The Colorado Supreme Court handed down a landmark ruling this month which establishes that owners and managers of limited liability companies, commonly called LLCs, have limited exposure to personal liability for the company’s debts. The Court also ruled that LLC managers do not owe creditors of the company a fiduciary duty when the company is insolvent.

With this ruling (Supreme Court Case No. 10SC143) Weinstein v. Colborne Foodbotics, LLC), owners and managers of an LLC no longer need to fear personal attacks from creditors. This is an important win for Colorado and the companies that choose to incorporate in the state. In fact, many say it makes Colorado a more attractive jurisdiction in which to form an LLC and serves as precedent for other states.

According to Chief Justice Michael Bender, who delivered the clarifying opinion: “The plaintiff asserted a statutory claim for receiving an unlawful distribution in violation of section 7-80-606, C.R.S. (2012) against the LLC’s members and a common law claim for breach of fiduciary duty against its managers. The defendants moved to dismiss both claims, arguing that the creditor had neither a right to sue for unlawful distribution under section7-80-606 nor a right to assert a claim for violation of fiduciary duty against the defendant managers. The trial court granted the defendants’ motion. On appeal, the court of appeals reversed the trial court.”

With this decision, the Supreme Court agreed with the trial court.

An LLC is a form of business entity that allows for pass-through taxation and offers flexibility in terms of ownership and management structure. In many ways, LLCs are a hybrid between traditional corporations, partnerships and sole proprietorships; they are primarily governed by the state’s LLC Act and the LLC’s operating agreement.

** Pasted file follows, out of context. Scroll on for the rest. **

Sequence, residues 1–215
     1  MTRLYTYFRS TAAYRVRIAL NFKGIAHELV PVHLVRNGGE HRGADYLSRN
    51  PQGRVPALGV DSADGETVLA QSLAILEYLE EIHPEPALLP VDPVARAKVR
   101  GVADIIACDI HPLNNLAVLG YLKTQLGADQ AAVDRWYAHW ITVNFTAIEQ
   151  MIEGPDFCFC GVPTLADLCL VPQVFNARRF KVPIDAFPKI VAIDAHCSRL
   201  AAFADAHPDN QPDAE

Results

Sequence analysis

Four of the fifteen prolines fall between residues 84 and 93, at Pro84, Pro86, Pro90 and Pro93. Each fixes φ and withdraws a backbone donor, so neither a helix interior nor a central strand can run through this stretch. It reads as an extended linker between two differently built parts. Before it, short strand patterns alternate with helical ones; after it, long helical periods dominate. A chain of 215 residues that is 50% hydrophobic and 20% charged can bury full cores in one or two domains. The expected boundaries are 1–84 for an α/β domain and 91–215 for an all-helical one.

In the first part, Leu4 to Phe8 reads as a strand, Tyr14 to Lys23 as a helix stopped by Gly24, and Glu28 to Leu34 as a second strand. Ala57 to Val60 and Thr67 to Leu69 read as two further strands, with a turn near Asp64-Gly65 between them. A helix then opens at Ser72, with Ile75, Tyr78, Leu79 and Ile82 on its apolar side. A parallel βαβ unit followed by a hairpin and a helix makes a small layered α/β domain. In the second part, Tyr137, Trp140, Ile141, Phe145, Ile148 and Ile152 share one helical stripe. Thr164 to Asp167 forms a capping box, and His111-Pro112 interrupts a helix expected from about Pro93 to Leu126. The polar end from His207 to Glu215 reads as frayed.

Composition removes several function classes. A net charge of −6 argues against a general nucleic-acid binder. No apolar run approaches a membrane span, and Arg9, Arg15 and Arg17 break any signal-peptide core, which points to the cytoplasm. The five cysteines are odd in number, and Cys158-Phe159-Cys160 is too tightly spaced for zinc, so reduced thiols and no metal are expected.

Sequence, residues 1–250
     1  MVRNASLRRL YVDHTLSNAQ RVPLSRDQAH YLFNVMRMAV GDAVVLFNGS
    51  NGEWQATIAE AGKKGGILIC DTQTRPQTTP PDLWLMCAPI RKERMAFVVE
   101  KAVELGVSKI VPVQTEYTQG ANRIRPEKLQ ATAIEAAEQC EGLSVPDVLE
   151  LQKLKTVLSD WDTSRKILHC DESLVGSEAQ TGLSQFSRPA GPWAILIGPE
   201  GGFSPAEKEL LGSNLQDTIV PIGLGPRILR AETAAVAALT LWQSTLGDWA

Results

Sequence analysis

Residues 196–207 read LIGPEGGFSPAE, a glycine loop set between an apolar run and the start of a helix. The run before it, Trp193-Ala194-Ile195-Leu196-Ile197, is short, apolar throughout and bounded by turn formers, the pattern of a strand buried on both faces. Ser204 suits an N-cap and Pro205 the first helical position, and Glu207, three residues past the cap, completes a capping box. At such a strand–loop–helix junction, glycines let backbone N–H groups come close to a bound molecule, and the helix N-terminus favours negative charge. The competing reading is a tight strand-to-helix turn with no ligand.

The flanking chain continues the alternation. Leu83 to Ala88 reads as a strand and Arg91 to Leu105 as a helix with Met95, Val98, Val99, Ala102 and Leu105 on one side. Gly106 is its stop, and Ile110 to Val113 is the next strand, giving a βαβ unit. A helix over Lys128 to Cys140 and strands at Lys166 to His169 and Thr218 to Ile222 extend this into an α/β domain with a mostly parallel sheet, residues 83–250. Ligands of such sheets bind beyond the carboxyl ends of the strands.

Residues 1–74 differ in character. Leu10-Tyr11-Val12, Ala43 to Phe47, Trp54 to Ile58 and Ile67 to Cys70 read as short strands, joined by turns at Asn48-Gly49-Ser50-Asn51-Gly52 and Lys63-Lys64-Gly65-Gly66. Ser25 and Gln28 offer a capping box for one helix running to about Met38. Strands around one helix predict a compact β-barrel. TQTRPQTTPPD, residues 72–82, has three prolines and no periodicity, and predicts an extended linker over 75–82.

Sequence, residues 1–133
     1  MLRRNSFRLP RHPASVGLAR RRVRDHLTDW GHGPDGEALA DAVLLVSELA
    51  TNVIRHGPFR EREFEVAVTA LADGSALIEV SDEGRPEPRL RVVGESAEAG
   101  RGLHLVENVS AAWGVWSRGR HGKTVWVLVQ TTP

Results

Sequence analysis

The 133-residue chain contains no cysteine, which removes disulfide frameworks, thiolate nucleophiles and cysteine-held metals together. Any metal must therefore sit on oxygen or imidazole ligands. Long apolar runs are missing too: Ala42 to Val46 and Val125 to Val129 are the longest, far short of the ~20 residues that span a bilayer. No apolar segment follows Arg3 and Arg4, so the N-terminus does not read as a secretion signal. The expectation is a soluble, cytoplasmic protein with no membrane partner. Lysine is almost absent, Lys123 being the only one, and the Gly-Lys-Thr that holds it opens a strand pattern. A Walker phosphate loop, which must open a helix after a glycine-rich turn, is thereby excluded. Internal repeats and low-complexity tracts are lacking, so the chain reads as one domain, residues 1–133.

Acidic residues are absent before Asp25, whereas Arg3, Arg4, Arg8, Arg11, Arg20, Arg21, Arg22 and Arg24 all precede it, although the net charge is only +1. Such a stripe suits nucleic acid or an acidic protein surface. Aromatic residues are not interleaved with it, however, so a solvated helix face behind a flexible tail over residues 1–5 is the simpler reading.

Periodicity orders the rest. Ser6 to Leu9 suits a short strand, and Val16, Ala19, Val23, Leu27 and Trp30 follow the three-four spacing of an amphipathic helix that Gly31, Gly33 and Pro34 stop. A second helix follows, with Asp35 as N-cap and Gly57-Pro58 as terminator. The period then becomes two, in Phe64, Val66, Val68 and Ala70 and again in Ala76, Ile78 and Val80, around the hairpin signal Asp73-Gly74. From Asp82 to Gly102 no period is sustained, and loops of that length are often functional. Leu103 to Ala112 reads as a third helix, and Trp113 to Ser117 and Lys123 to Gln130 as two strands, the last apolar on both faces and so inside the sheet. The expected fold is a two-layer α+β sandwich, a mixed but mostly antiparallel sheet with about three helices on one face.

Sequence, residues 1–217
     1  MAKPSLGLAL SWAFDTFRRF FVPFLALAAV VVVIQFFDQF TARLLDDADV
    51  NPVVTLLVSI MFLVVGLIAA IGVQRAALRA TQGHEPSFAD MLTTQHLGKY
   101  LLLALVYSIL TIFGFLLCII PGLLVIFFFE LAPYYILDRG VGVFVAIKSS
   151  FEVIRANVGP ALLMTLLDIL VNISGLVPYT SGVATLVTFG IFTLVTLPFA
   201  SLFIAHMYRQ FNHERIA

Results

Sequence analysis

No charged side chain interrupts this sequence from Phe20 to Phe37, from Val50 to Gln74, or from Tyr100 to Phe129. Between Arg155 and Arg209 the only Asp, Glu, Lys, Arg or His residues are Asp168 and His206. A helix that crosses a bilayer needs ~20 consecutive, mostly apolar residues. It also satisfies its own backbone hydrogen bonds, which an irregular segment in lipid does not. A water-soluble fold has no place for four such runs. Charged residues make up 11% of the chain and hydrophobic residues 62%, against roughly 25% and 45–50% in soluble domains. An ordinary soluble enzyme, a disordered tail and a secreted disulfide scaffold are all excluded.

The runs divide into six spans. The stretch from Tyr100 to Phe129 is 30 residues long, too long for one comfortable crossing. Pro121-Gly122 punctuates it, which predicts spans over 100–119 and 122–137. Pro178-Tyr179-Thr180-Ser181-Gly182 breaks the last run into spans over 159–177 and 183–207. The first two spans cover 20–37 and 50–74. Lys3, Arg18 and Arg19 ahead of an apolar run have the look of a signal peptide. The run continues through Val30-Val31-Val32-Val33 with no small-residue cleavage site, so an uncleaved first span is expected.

LLCs have become an increasingly popular business entity. Contemporary court rulings continue to form the basis for how an LLC is viewed and treated by the law – as a corporation, a partnership or a separate entity altogether. The Weinstein ruling establishes that in Colorado, LLCs will be viewed as separate, subject only to the LLC Act and not the laws that govern corporations or partnerships.

Legal observers expressed concern prior to the ruling that the court might expand the Colorado Court of Appeals’ previous Weinstein ruling to cover solvent LLCs as well, which would have rendered Colorado an inhospitable jurisdiction for incorporating LLCs. The court’s ruling instead makes the state an increasingly attractive place to organize an LLC, and could serve as a precedent for other states to similarly protect LLC owners and managers from personal liability for company debts.